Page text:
This Green Smoothie Recipe Is As Hydrating As 3 Cups Of Water, Says An MD

mbg Associate Editor By Jamie Schneider
mbg Associate Editor
Jamie Schneider is the Associate Editor at mindbodygreen, covering beauty and health. She has a B.A. in Organizational Studies and English from the University of Michigan, and her work has appeared in Coveteur, The Chill Times, and Wyld Skincare.
This Green Smoothie Recipe Is As Hydrating As 3 Cups Of Water, Says An MD
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You heard it here first: "One green smoothie is probably more hydrating than three glasses at the same amount of water," says Dana Cohen, M.D., integrative medicine physician and co-author of Quench, on the mindbodygreen podcast.

There's no scientific evidence to back up the claim (yet), but Cohen has seen the effects firsthand: When her dehydrated patients chug water all day to no avail, she suggests they "add a green smoothie or two a day, and it changes everything."

How to make Cohen's green smoothie recipe. 

While you can chuck any hydrating foods you like into a blender, she does highlight a few star ingredients. We'll start with the obvious: greens. Whether you're partial to kale or spinach, blending up greens helps the smoothie become extra hydrating (also what helps give the drink its gorgeous color). Leafy greens contain tons of fiber, which research has shown helps you hold on to water much better. "The fiber is what really acts as a sponge," Cohen adds.

Next, we have cucumber and chia seeds: These contain "structured" or "gel" water, says Cohen. "When you look at a cucumber seed, you can literally see the gel around it," she explains. Same goes for chia seeds—they have a goopy, jelly texture when you submerge them in water. In both cases, the H2O molecules layer upon one another to form a gel-like substance, and it's incredibly hydrating for your body. "It is in that form that's found in nature, and it's also in that form that's found within our cells," Cohen says.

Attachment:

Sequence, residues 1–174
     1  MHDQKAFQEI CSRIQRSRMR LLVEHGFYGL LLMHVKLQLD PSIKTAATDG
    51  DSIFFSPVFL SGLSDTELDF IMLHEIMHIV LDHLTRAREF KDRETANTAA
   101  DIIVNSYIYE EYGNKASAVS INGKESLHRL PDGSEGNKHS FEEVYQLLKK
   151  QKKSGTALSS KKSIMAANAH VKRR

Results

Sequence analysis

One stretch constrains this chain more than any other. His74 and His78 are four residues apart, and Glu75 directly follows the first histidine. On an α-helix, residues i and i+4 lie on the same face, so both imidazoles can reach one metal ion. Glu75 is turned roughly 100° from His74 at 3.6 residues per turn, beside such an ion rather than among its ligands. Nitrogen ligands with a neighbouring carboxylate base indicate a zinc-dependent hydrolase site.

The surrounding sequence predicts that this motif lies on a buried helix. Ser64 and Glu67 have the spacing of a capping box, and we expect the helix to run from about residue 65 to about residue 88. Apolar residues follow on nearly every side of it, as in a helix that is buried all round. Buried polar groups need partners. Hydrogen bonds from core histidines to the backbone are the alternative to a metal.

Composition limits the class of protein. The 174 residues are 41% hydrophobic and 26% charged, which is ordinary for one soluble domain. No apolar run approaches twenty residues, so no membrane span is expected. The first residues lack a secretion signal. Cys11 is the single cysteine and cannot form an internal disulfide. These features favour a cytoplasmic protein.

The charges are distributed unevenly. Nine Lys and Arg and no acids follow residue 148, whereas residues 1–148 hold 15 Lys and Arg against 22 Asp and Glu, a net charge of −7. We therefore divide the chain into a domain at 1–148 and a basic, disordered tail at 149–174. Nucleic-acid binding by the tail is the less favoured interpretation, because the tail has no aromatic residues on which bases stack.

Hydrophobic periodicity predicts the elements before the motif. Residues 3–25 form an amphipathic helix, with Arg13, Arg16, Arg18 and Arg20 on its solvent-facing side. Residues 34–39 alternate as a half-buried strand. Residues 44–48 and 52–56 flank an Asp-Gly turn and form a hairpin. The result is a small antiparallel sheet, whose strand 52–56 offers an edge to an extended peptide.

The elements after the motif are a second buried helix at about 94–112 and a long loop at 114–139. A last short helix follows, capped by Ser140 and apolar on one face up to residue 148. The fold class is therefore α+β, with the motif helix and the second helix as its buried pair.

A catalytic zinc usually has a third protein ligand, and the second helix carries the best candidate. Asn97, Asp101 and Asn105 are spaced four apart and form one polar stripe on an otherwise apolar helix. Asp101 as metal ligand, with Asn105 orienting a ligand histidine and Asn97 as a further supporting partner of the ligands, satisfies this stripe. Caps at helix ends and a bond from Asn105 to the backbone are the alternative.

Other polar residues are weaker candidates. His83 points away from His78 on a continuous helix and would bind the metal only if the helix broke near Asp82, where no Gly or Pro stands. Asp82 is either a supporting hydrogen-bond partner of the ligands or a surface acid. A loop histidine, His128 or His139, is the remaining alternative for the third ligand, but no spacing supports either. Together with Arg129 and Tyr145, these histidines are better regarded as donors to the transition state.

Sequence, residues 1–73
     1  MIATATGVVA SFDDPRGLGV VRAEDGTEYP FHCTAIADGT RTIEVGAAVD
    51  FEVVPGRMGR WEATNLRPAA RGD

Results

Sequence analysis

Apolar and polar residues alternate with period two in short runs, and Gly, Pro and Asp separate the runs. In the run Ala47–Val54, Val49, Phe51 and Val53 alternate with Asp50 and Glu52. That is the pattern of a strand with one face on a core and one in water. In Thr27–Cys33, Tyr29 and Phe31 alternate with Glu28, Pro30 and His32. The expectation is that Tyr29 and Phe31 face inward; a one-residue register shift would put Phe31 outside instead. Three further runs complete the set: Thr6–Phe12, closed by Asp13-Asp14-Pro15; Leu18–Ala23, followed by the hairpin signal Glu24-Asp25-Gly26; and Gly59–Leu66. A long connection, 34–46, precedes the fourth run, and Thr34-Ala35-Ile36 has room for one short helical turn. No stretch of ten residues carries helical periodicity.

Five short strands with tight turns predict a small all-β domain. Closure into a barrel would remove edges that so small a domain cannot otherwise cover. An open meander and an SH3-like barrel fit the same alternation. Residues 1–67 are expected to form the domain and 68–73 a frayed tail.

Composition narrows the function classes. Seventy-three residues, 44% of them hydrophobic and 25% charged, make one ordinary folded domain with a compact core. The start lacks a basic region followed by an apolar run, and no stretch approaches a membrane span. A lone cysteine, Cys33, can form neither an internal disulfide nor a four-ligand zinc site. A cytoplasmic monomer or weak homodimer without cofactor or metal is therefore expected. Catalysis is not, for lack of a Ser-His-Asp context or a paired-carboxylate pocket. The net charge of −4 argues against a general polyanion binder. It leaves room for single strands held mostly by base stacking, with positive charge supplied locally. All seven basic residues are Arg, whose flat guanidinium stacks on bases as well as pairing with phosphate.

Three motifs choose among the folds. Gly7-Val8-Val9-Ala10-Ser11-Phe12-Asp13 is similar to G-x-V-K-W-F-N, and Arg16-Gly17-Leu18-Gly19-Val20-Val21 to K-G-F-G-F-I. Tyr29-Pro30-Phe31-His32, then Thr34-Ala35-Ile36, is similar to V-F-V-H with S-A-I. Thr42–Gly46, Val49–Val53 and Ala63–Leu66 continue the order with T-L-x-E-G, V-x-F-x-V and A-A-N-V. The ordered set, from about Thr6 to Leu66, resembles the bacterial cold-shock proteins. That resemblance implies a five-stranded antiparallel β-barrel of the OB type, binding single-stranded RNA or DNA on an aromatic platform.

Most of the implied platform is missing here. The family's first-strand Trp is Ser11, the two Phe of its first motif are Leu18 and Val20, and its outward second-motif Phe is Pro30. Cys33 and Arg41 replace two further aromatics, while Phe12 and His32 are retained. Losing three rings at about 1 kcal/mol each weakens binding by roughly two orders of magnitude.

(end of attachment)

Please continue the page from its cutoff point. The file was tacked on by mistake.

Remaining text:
She also throws a juicy apple into the blend. You might not regard apples as the most hydrating fruit (watermelon surely earns the title, no?), but apples actually contain up to 86% water. Perhaps that's why Cohen says, "An apple and a bottle of water is more hydrating than two bottles of water." 

Here's exactly what you'll need to quench your thirst:

  • ½ an apple
  • ½ a cucumber
  • 2 tablespoons chia seeds
  • Juice of ½ lemon
  • 1 knob ginger
  • 1 cup greens of your choice (spinach, kale, etc.)
  • 2 to 3 cups water (depending on how thick you like your smoothies)

Simply throw all the ingredients into a high-speed blender and whir until smooth (you may want to pop in a few ice cubes or freeze your fruit, if you like your smoothies chilled). Sip, and say ahhh.

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The takeaway. 

If there's one to-do for dehydration, Cohen suggests incorporating a green smoothie into your daily regimen. The thirst-quenching fruits and veggies can help your body hold on to water, which makes the whole ordeal much more efficient. If you find yourself chugging gallons, without quenching your thirst, a simple snack may be just what you need. 

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